The recording interface you get will determine how many channels you can record simultaneously, and will provide all your inputs and outputs.
The main purpose of the interface is to provide a hub for all your inputs and outputs, and provide routing of all the channels in and out of the computer. Some interfaces provide lots of inputs, and some provide lots of outputs. Some have options for expansion, and some have built in DSP (digital signal processing)
This lesson assumes you already know about the different connectivity options on an interface. If not, check out lesson 1.6 where that is all explained.
Choosing the right interface will take time and research to find the right balance between cost, quality, and features.
Interfaces have different methods of plugging into the computer. USB is the most common, and I think I would even recommend it. In the past, USB was sluggish and not capable of high channel counts, but the technology has improved a lot, and is now capable of 64 channels in and out with no problems. Some interfaces use thunderbolt or Ethernet for connectivity, as they are capable of even higher channel counts.
One of the first things to decide, is how many inputs and outputs you will need. If you are recording just 1 channel, such as a podcast, you don’t even need an interface, a USB mic will work just fine.
If you sing and play guitar, and just want to record yourself, a 2 channel interface that has 2 microphone preamps will be just fine. This same interface will also likely have 2 outputs, for connecting monitor speakers, and a headphone output.
As you grow and want to record larger projects, you’ll need more inputs. These can be in the form of xlr microphone inputs, 1/4” balanced line inputs, or digital expansion connectivity.
If you want to use an external preamp, which are often better quality than the preamps built into the interface, you’ll want to plug the preamps output into a 1/4” balanced line input on the interface. The idea is to not use the interfaces preamp. Be aware, Some lower quality interfaces will use a combo jack to offer either 1/4” or xlr input on the same channel, and the 1/4 input does not bypass the preamp. In these cases, there is no advantage to using an external preamp.
Digital expansion connectivity can give you the option of purchasing separate ad/da converters to increase your number of inputs and outputs. This will usually be in the form of an optical cable, called ADAT, or ordinary xlr cables or 25pin d sub cables, called AES/EBU. For more information on these connection standards, check out lesson 1.6.
And how many outputs do you need? The minimum is 4, so that you have 2 for your monitor speakers, and 2 for a headphone output. Headphone outputs are 2 channel because there’s separate signals going to the left and right channels.
There are a few reasons you might want more outputs.
- if you have a band practicing, or recording, more outputs can be used to send each band member their own headphone mix. Many interfaces will have a digital mixer which you can control on the computer, and control the levels of headphone mixes.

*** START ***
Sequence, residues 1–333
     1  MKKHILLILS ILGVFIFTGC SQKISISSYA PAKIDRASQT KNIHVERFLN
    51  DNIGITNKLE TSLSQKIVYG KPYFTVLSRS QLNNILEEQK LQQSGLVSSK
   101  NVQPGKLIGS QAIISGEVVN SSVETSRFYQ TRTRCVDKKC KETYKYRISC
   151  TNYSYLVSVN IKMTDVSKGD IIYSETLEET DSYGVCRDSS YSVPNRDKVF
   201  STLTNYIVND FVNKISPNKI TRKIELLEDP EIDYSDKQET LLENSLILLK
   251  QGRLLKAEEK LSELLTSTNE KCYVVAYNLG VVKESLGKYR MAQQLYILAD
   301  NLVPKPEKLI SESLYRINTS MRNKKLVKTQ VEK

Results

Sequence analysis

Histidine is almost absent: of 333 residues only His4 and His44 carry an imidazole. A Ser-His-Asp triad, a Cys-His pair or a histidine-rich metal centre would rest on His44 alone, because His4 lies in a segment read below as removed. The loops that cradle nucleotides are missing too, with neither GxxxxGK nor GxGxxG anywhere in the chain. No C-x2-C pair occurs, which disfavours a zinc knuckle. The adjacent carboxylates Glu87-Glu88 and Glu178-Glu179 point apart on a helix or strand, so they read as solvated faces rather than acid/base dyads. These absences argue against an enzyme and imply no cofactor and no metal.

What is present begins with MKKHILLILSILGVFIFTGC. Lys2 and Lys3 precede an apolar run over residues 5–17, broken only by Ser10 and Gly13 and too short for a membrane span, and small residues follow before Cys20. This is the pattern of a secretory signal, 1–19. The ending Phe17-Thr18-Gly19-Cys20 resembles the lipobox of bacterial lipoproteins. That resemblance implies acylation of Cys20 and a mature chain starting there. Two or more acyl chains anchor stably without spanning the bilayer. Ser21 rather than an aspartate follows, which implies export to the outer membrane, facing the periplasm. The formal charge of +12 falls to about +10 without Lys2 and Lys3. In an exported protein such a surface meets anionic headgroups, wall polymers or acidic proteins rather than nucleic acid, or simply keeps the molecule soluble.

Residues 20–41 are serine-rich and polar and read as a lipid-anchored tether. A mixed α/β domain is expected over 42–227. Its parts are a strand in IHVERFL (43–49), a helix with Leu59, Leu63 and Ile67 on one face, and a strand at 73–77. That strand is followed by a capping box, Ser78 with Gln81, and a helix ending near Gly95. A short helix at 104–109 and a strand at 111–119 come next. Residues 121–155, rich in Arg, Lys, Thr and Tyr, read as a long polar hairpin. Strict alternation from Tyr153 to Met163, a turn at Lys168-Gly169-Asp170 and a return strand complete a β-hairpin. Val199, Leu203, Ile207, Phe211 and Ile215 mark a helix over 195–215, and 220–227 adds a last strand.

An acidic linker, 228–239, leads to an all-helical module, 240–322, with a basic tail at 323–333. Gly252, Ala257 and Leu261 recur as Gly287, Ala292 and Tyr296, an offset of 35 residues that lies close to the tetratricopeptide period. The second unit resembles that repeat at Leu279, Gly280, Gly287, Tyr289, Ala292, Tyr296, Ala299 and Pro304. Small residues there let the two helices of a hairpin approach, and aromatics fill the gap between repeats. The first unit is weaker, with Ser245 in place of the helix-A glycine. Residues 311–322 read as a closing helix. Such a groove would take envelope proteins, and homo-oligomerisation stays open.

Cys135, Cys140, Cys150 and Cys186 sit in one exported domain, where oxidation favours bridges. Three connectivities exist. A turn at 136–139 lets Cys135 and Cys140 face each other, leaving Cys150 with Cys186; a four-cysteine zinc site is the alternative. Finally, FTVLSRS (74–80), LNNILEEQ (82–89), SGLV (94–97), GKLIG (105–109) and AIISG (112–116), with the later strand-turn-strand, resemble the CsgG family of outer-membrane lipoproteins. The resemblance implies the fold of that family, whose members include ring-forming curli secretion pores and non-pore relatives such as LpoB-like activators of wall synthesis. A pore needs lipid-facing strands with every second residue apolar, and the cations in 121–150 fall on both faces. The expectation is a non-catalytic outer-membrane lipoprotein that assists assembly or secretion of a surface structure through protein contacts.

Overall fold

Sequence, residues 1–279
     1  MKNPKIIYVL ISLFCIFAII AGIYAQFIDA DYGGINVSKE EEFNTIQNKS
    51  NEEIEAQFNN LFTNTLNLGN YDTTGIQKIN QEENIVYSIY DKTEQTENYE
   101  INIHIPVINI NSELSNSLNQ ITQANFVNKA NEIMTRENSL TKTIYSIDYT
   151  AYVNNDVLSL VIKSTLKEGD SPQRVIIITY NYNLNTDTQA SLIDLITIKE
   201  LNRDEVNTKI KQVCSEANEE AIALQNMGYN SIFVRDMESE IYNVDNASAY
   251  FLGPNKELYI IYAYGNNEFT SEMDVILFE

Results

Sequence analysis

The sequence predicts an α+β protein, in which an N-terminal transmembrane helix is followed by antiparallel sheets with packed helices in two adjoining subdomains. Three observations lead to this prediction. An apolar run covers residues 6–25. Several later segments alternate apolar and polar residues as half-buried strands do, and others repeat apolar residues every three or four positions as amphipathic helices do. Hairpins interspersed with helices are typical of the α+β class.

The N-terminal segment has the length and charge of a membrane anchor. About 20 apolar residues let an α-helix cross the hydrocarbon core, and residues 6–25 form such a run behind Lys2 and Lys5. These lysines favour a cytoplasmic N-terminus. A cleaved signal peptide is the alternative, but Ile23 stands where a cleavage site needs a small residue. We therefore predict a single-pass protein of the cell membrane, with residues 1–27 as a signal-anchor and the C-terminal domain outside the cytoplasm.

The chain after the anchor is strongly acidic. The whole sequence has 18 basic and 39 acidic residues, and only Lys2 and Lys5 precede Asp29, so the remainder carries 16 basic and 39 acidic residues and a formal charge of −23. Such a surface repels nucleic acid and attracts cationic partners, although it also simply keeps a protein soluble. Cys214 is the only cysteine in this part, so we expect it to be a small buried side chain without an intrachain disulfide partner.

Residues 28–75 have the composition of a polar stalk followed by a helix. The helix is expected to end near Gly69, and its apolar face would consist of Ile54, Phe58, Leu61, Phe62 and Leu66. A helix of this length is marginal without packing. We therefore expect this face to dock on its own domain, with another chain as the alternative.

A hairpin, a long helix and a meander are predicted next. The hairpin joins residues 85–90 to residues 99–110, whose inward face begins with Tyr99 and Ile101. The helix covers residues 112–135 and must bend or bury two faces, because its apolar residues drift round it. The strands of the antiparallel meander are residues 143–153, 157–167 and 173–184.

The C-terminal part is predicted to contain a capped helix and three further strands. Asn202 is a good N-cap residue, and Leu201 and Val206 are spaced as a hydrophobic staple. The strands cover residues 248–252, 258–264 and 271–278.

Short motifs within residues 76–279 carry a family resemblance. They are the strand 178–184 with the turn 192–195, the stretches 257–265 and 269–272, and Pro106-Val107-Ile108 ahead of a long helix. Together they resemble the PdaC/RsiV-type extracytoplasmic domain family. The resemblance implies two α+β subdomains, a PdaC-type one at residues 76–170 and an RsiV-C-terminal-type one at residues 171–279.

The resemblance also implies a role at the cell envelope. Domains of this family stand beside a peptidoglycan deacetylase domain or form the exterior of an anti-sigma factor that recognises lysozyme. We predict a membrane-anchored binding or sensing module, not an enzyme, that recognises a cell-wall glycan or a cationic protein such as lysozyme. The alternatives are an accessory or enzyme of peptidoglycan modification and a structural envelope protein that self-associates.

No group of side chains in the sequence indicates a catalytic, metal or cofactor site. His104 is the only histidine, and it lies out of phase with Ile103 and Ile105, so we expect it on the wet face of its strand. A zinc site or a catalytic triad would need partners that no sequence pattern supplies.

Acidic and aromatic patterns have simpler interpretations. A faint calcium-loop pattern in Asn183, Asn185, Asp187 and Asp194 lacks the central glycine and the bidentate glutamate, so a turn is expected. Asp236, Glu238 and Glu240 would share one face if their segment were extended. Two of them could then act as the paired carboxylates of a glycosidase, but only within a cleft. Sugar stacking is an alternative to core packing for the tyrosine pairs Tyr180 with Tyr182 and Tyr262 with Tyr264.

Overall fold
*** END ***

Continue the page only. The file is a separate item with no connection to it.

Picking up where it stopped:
- if you like to use hardware gear, such as a rack mount reverb unit, or an analog compressor. You can route a track out your extra output channels, and into your piece of gear, and then to an input channel where it gets recorded back in.
- if you want to use analog mixing, also called “out of the box” mixing. Check out lesson 5.2 for more information on this.
A lot of interfaces have built in DSP. That stands for Digital Signal Processing. It gives the ability to add effects, such as reverb, compression and eq, directly within the interfaces mixer. When you route the signal to the recording software, you have the option of recording it with the effect already applied. You will also have the option to use the effects for monitor mixes, or a live mix into a PA system. The reason built in dsp is useful is because for real-time playback, you can add these effects. If you were to try and use the effects available in your recording program for real time, live application, it would require complicated routing in and out of the recording program, and there would be noticeable latency on the effect. It’s not really feasible. So, if you will be using the interface for live mixing or live monitoring, built in dsp can be very useful.
Many interfaces provide midi in and out. This feature is more of a thing of the past, as midi is not controlled by the audio drivers, so it is easily implemented through a separate USB connection. If your interface has midi in and out, then that’s nice, but if not, then don’t worry about it because you can easily add midi in and out to your computer with a midi to USB cable.
Regarding sound quality of interfaces, you generally get what you pay for, with some brands being a bit better than others. For instance, there are many interfaces available that are 2 in and 4 out, with no additional features. They usually cost between $100 and $200. But then the Apogee Duet costs over $600! The reason for this is that the Apogee Duet has better quality preamps, better quality amplifiers on its output channels, and headphones, and uses better quality ad/da conversion. All these things combined make for overall better sound quality.